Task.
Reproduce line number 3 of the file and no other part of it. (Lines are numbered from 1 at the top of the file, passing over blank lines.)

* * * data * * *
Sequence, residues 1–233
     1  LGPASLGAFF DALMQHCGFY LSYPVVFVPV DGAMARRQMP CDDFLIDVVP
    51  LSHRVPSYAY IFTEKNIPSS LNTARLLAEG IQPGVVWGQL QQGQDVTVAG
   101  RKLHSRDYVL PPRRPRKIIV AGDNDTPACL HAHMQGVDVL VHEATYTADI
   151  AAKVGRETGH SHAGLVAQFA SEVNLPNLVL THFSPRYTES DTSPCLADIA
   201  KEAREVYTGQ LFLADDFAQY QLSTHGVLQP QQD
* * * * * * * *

    51  LSHRVPSYAY IFTEKNIPSS LNTARLLAEG IQPGVVWGQL QQGQDVTVAG